Leo pursed his lips and looked down at the ground before raising his head. A hearty laugh erupted and he said, “Focus? Oh! Oh my God! Yes! Yes, I remember! Focus! With their strong accents we all thought it was something else they were saying! Oh my God! You were there? I remember that! Those two were brothers and I worked with one down in Venezuela one summer. Well, one winter here. I worked with Brodie and his brother was Callum. I had forgotten all about that. Focus! That was so funny! Well, no white water today. Today we float down the river and towards the end those that want to go for a swim can. This is just right for the children. You wait, we will have fun!”

Once they were at the river Leo and the driver dragged the raft off of the trailer and Leo told everyone where to sit. “I want all the women on the left, and all the men on the right. Nicole, you sit in front, then your mamasita, Marie next and Lenore back here next to me where I can keep an eye on her. TJ, you are up front, then big Mike, Don Juan and Gene, Gene the dancing machine in the back. Nicole, you be nice to TJ, don’t make him cry, you hear?

“Do you know why I put all the women on the left side? Because the Latin word for left is sinistra, like your word sinister. The left side is the devil’s side and it is sinister and I think maybe you muchachas are a bit sinister, no?” he asked with a big smile.

Lenore responded with a big, “Ha! Hardly. The truth is everyone is born left handed and you only become right handed after you commit your first sin.”

“Oh, is that how it works?” Leo looked at her with his mouth drawn down, nodding. “And I take it you are left handed, Mama Lenore?”

“You got that right.”

“So, now we have a problem because I am ambidextrous,” he answered.” I am as good with my left as I am with my right. What does that mean?”

“That you’ve committed venial sins but not mortal ones?” she laughed.

“I only wish that this were so. No, I have you divided because we want to have about the same strength on both sides of the boat; there is nothing sinister about it.

“Now, sit up on the edge and tuck your outside foot in behind the seat area in front of you, okay? Good. Now, when I say go everybody paddle three times hard, okay? Go!” Everyone paddled and the raft slipped toward the middle of the lazy stream.

“Good! Now, when I say, I want everyone to paddle backwards three times. Whoa, Johnnie boy, not yet, wait till I say. Ready? Go!

“Excellent. Now we try something different. I want all the ladies to paddle forward six times while all the men paddle backwards, got it?” The boat began to slowly spin in a clockwise direction. “Okay, do it again!”

The boat was drifting down the river, spinning in circles as it went. “No, this is getting me dizzy. Men, paddle backwards six times, ladies, forward.” The raft’s spin was depleted and Leo paddled, again pointing the raft downstream. “Much better. Sometimes we will paddle to stay away from rocks or maybe other rafts but mostly we will float today. If we want to spin just say so.”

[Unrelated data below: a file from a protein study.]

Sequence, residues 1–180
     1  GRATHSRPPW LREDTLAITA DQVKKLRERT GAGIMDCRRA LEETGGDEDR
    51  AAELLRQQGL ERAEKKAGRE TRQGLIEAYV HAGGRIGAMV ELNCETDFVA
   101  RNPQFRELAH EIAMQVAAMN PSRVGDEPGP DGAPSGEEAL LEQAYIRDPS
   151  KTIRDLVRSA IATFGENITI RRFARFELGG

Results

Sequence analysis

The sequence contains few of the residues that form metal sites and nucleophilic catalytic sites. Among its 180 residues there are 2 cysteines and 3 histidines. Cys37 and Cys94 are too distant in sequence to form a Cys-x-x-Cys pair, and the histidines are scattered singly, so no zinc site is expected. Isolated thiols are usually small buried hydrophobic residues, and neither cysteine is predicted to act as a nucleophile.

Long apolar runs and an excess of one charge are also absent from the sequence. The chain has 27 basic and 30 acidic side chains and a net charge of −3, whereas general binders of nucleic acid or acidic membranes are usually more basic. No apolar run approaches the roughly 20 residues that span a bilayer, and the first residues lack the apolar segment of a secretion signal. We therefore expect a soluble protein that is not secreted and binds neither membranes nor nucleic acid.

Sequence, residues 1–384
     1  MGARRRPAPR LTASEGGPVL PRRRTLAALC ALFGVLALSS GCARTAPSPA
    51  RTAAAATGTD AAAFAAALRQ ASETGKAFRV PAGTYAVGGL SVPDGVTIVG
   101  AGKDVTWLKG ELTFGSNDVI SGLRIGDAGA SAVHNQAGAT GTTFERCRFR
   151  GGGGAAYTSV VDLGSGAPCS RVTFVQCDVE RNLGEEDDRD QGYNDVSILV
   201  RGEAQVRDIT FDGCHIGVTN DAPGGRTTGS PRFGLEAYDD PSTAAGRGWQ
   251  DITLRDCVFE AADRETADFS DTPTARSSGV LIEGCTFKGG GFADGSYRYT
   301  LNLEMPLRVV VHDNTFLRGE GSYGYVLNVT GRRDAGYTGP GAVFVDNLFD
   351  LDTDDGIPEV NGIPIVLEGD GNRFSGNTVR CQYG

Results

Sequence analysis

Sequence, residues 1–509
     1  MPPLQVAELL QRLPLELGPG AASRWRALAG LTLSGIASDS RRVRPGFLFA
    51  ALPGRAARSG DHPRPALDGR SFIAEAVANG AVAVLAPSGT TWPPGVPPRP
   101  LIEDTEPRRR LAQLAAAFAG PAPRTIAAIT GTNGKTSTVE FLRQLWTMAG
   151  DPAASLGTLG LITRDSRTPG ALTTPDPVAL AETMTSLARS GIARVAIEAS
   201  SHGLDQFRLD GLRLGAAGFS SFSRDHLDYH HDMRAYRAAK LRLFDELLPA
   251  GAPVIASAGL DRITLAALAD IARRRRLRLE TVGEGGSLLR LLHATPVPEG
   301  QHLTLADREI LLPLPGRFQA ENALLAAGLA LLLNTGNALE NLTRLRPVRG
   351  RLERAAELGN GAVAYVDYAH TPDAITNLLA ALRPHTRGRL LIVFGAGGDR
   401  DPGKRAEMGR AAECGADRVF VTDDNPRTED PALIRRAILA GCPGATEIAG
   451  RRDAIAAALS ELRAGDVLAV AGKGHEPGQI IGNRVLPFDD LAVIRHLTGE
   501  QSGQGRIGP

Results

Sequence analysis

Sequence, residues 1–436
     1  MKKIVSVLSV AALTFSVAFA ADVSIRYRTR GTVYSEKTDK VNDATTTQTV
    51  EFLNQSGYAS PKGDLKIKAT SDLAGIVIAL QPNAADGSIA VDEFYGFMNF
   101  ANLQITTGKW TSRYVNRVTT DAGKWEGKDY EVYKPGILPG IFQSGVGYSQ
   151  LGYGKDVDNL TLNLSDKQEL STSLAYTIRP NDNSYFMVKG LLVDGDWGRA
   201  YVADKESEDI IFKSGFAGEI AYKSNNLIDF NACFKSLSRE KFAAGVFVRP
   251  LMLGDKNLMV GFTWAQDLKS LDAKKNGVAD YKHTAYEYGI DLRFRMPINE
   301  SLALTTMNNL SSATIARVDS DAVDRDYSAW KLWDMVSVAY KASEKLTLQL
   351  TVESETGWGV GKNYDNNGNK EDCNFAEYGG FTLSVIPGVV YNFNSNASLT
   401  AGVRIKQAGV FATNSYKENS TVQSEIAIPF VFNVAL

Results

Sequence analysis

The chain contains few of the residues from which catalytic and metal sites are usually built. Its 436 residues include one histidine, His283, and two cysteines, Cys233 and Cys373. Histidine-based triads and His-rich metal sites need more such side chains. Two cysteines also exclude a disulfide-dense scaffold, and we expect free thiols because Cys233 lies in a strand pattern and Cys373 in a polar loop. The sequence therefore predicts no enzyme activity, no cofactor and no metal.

“I want to spin!” TJ called out.

“Not yet, Thomas,” Lenore responded.

“Yes, not yet, Thomas,” Leo concurred. “I am still a bit dizzy.”

Leo had been right. The leisurely two and a half hour float, minimal paddling and silly antics had been fun and the kids had enjoyed one another’s company. After gently banging into boulders, “accidentally” getting stuck on one and slipping into the water for a brief swim they rounded a bend in the river where they met the waiting driver who helped Leo pull the raft up onto the wide, sandy river bank. When they were back at the outfitters Maggie whispered to Gene, “Don’t forget to tip Leo.”

Gene had looked at her with his head turned down so that he had to look through his eyebrows and said, “Right. Thanks,” shaken his head and handed the man a twenty while shaking his hand. “Thanks Leo. That was fun. Maybe I’ll see you again in ten years.”

“Okay, Gene. Thank you very much,” he added before high fiving all the males and hugging all the girls. The Cunninghams and the Reeses bade one another goodbye and as they walked away Gene heard TJ say, “They were nice, weren’t they?”

“That was fun!” Nicole declared, “But I’m hungry.”

“Me, too!” John seconded the statement.

“Okay, we’ll go check in at the hotel, quick shower and then get something to eat,”
Maggie promised as she got in the passenger seat of the car.

“Leo was a riot, wasn’t he?” Gene asked.

“Yeah, he was. A big, brown, cuddly riot. Turn left out of the parking lot. I’ve got directions right here,” she said, pulling a notebook out of the glove compartment.

“Speaking of showering and hugging we could save time if we showered together,” he whispered.

She looked at him and said, “Yeah, well, we’ll see. We’ll see.”

Gene was pretty sure that meant no.